Wars or war-like crises often result in rebirth of patriotism which, in any case, is a highly linear narrative. The process of creating an ideologically cohesive state has now passed a significant milestone.

Published in The Express Tribune, December 25th,  2014.

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Reader Comments (24)

  • Zari
    Dec 25, 2014 - 12:29AM

    What a depressing read !

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  • raider
    Dec 25, 2014 - 2:05AM

    after having go through this very piece and umpteen other writers writing about ill deeds and brutal killing and retaliation by govt and army, but i have just one question to this and all other writers and whole nation what is the cause of this terrorism

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  • Omair Sohail
    Dec 25, 2014 - 2:07AM

    It is unfortunate that our nation is once again prepared to dust the real issues under the rug. For decades have we successfully found new enemies for us to fight and focus our energies on. This ememy was preceded by India, the Godless Communists and countless others and will be succeeded by Afghan Taliban, BLA and many others. All the while, education, health and infrastructure will be neglected. Our Prime Minister has, after months of pressure, finally caved in to the quarters who were never willing to hand over to him the foreign policy in the first place. The news coming out of the PM house is that PSDP funds are being diverted to the war on terror and projects, initially projected to be completed in three years, are going to get delayed. It is mortifying that we, as a nation, are so lacking in foresight. A security state for eternity, we are. On other thought, the nation was far better discussing metro buses and electoral rigging than being hurled in a constant state of paranoia by our security brigade.

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  • wb
    Dec 25, 2014 - 2:17AM

    “What the founding father Muhammad Ali Jinnah could not probably achieve may well be achieved by the tragic killing of 132 children in Pakistan — a more ideologically and politically cohesive state with a common or shared narrative. “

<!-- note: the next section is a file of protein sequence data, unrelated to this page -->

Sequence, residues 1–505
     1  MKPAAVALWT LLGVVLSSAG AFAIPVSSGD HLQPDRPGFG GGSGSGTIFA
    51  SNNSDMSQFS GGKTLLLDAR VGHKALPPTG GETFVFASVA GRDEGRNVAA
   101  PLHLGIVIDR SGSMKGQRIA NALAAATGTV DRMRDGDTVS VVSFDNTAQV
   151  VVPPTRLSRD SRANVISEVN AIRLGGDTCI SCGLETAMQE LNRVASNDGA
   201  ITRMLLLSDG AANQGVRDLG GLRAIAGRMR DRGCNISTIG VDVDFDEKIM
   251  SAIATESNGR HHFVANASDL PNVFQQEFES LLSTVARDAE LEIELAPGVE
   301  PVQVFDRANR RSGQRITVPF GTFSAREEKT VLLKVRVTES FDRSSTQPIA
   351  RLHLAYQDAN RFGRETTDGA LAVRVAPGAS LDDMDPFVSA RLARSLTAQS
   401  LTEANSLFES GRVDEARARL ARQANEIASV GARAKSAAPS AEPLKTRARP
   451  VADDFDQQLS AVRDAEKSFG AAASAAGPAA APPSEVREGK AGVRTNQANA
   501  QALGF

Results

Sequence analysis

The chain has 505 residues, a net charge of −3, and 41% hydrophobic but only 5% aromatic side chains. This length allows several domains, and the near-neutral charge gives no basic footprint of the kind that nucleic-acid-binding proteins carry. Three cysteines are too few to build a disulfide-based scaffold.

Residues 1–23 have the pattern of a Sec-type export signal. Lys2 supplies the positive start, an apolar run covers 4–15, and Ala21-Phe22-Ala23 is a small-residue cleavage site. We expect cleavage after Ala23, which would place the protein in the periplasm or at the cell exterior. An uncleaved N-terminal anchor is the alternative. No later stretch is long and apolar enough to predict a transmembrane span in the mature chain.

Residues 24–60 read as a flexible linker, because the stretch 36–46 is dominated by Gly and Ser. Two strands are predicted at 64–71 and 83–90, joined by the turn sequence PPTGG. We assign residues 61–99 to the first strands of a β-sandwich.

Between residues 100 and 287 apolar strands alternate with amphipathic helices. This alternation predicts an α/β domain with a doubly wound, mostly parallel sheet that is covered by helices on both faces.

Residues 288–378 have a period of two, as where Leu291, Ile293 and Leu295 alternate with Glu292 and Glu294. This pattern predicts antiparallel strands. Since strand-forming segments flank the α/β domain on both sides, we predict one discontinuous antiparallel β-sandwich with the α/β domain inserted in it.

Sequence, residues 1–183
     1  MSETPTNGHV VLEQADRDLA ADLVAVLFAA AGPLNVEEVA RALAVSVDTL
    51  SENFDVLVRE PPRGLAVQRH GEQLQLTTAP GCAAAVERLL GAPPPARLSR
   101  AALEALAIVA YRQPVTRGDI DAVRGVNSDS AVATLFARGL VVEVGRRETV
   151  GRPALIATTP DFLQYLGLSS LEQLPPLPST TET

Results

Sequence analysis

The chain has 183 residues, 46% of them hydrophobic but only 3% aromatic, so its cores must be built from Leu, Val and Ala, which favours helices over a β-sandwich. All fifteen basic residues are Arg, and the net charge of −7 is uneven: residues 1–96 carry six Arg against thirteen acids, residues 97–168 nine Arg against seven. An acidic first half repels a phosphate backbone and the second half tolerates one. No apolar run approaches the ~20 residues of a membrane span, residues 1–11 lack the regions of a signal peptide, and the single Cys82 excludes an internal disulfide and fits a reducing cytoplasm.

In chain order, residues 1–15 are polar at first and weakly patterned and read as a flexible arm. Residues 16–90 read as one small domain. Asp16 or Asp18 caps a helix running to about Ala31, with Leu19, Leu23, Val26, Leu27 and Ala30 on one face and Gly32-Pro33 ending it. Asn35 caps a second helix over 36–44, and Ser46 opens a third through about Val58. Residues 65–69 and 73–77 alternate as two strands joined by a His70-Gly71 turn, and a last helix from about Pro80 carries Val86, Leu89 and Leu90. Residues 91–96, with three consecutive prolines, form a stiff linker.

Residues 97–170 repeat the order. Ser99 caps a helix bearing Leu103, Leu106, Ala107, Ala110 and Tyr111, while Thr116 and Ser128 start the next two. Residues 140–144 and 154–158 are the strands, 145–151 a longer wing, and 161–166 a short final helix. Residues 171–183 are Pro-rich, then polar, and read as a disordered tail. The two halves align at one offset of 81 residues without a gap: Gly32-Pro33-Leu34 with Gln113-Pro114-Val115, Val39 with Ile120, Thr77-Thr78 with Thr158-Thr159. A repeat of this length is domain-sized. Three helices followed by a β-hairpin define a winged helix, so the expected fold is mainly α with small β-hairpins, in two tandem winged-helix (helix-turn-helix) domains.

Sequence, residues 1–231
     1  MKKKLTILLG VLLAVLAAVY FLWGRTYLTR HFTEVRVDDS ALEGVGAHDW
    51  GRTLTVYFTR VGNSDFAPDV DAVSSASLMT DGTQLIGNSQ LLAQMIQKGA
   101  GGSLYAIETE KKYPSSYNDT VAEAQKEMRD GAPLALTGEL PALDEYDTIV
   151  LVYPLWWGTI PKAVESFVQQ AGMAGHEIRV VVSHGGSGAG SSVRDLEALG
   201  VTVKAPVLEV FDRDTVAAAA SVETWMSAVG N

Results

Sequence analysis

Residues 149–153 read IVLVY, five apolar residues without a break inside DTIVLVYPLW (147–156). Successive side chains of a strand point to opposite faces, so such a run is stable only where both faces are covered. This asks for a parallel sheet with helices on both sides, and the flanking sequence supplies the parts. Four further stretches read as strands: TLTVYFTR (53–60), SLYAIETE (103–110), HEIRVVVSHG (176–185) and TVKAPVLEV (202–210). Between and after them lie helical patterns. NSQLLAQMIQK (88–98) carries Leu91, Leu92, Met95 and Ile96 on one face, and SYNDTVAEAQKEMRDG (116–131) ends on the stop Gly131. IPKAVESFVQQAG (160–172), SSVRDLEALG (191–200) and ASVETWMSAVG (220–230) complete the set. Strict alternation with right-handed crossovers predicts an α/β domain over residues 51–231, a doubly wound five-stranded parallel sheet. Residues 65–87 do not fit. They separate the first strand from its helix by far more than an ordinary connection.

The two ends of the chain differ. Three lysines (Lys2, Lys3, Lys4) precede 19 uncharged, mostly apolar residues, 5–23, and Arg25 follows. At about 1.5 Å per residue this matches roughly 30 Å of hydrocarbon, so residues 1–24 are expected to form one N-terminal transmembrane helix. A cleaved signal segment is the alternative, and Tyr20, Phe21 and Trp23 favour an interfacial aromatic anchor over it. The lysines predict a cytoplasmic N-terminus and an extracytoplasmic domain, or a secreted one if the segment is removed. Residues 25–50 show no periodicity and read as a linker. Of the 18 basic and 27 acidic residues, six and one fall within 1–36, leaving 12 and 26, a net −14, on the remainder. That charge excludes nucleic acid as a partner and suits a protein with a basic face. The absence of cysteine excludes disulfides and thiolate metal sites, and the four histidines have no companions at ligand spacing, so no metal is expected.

Nothing will change. Keep watching.

    How did 1971 change you? If such an even can’t change your country, this can’t.

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  • Arsalan
    Dec 25, 2014 - 2:59AM

    This writer has a habit of finding negatives in every situation. What is happening in Pakistan is in fact the contrary. The horrific incident has opened up the government and armed forces to increased scrutiny. Members of civil society are now asking questions about all aspects of the Pakistani state. When a country is at war, certain security related steps have to be taken. Stop painting everything in a negative light and demoralising people.

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  • MSS
    Dec 25, 2014 - 3:09AM

    Ayesha I hope and wish you are right in your assumptions. Realistically, a few hangings, a few speeches, a couple of policy statements and we will be back to normal, “Oh we can’t do this, but that is not in national interest, those are our special boys” etc. etc. Unless we hear clear enunciation of state policy targeting ALL terrorists regardless of their Intentions, and, action on that policy, Pakistan will not overcome this existential threat.

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  • SKChadha
    Dec 25, 2014 - 7:37AM

    “Return-of-nationalism” …. Are you sure madam?

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  • afroze
    Dec 25, 2014 - 7:51AM

    Win win for pak army !

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  • Fareed
    Dec 25, 2014 - 9:06AM

    That is it, when pakistani institutions call the terrorist by their nationality I understood that is when nationalism is rising in Pakistan!

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  • Nadir
    Dec 25, 2014 - 10:07AM

    Okara peasant farmers, Baloch, Sindh, GB activists, people not making way for DHAs and Agri land for Brigs and above beware….swift justice awaits you.

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  • Naeem Khan
    Dec 25, 2014 - 10:49AM

    I have asked time and time again that who failed us. I have pointed out several times that the intelligence outfits has not done a good job. It should have been clear to every one that Army was fighting in North Wiziristan and there will be revenge and they will hit Army run institutions with soft bellies. I have questioned the cushy jobs of these intelligence agencies in Pakistan and also pointed out that in Pakistan no one is going to resign their jobs voluntarily because they failed the nation, some how this resignation thingy is not in our DNA. None of my comments has seen the daylight in ET and perhaps you may be right that such questions are bothersome any more. The ultimate weakness came to the surface when the PM and his colleague from different parties agreed to special courts run by the Army for two years, do they really think that extremism will be over in two years., It took 3 decades to reach to this stage and most likely the same time to pacify the extremists. Mind it there was no mention of repealing the draconian Hodood and Blasphemy laws and cleansing the school syllabus when prime minister stated the consensus goals to eradicate this menace of terrorism. Personally I am not going to have high hopes of this outfit in the Prime Minister House. Both brothers looked the other way while religious extremism was on the up swing in Southern Punjab as long as they did not create mischief in Punjab.

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  • abhi